After the interval came the Wagner Wesendonck Lieder, Kaufmann bringing to the world of solo song the composer with whom he is perhaps most strongly associated. Studies for Tristan? If the third and fifth songs are indeed, Kaufmann will (hopefully) be a Tristan to be reckoned with if/when he gets round to singing the role. For the time being, this was a Wagner incarnation as rare and insightful as the Dichterliebe was to Schumann: a fresh, convincing and unexpected take that made complete musical and poetic sense. These songs, usually larger than life with a mezzo and an orchestra, became intimate and transparent, but in a world of their own, distinct from the Schumann; Kaufmann's perfect Siegmund tone shone at its steel-and-caramel best.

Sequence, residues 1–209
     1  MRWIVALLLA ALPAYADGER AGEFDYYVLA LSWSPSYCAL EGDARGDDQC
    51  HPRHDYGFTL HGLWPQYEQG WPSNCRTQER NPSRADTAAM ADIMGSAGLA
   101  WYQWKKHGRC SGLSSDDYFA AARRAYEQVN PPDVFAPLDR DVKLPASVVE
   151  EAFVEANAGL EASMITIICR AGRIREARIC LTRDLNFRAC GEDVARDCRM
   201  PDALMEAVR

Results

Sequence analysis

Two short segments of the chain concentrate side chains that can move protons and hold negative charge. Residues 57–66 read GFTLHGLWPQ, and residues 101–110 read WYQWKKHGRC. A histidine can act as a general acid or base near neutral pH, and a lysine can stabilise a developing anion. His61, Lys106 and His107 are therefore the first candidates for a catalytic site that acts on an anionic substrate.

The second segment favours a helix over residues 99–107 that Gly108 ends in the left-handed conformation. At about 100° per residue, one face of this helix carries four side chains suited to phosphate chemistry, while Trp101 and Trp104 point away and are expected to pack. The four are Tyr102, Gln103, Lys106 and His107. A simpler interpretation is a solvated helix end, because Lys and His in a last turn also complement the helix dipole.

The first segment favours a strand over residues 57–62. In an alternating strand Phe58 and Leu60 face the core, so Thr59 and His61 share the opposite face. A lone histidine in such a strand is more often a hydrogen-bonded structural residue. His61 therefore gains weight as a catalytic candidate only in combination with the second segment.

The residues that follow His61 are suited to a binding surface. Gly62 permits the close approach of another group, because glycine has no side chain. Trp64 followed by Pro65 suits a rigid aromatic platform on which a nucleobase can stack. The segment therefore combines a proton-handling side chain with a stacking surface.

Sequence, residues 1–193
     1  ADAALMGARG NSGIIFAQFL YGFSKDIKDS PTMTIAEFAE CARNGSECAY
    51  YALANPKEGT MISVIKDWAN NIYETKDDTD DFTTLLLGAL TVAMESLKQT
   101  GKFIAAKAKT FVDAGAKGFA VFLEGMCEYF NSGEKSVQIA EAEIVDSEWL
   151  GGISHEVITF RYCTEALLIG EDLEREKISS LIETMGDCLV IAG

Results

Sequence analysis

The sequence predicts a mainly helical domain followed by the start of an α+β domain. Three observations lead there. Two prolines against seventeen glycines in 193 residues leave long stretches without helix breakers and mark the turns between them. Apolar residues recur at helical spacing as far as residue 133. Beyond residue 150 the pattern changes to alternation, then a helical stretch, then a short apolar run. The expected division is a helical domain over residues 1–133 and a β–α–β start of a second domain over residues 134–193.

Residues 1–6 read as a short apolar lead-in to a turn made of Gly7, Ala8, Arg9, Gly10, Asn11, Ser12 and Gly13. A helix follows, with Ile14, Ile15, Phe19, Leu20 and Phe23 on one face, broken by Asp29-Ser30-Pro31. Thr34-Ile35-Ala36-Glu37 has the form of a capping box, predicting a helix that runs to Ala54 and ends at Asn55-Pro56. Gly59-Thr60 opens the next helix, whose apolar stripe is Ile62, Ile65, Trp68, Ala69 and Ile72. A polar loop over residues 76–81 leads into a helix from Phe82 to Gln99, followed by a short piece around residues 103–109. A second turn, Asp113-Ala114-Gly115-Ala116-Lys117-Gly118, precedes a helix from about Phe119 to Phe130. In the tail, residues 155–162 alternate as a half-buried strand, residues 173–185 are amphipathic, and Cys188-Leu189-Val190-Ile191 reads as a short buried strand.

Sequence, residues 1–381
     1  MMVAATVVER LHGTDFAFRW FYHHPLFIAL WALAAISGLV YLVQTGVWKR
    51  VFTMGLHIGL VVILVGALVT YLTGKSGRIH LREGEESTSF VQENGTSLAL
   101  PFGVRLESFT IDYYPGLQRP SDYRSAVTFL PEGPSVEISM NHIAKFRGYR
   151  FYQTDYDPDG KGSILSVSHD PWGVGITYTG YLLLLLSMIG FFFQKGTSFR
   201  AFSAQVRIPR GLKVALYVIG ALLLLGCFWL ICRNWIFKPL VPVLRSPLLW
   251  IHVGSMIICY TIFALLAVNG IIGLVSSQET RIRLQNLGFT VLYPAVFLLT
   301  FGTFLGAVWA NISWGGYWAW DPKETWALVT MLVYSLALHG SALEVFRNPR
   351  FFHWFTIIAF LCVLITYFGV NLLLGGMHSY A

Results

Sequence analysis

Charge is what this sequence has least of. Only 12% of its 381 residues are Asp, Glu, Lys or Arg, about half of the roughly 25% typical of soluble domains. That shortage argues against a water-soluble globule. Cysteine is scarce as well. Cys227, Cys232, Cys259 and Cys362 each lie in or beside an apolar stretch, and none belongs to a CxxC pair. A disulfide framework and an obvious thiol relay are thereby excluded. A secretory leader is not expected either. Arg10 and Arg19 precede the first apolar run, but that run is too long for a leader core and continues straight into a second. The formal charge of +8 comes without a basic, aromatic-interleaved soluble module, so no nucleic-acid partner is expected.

For Liszt's three Petrarch Sonnet settings - oddly, better known in their solo piano versions -  Kaufmann turned Italian. Like a religious convert who becomes more zealous than those born into a faith, he can sometimes seem more Italian than the Italians. The sound of the words becomes not only the inspiration for the music - instead, the words are the music, the latter simply a manifestation of a soundworld that is already there in Petrarch's dazzling love poems. If Dichterliebe was a set of keenly observed charcoal sketches, the Sonnets were as gigantic and perfectly wrought as Michelangelo sculptures. Petrarch gives his all in these poems, Liszt follows suit and Kaufmann and Deutsch delivered in kind. One encore - Schumann's 'Mondnacht' - quietened down to an exquisitely controlled, half-lit cantilena in which - as often through the evening - you couldn't help wondering when he manages to breathe.